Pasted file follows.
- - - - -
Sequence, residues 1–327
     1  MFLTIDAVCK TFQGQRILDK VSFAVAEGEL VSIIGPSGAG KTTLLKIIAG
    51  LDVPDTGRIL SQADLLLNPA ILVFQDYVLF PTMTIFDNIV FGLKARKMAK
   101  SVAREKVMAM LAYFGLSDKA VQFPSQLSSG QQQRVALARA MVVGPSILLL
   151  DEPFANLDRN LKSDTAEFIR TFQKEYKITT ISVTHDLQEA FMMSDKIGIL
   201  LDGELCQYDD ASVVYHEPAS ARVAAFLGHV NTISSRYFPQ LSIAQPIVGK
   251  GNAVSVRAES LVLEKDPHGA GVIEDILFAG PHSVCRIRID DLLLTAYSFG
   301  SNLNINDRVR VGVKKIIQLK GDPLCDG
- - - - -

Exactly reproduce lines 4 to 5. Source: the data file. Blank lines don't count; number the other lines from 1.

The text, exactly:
   101  SVAREKVMAM LAYFGLSDKA VQFPSQLSSG QQQRVALARA MVVGPSILLL
   151  DEPFANLDRN LKSDTAEFIR TFQKEYKITT ISVTHDLQEA FMMSDKIGIL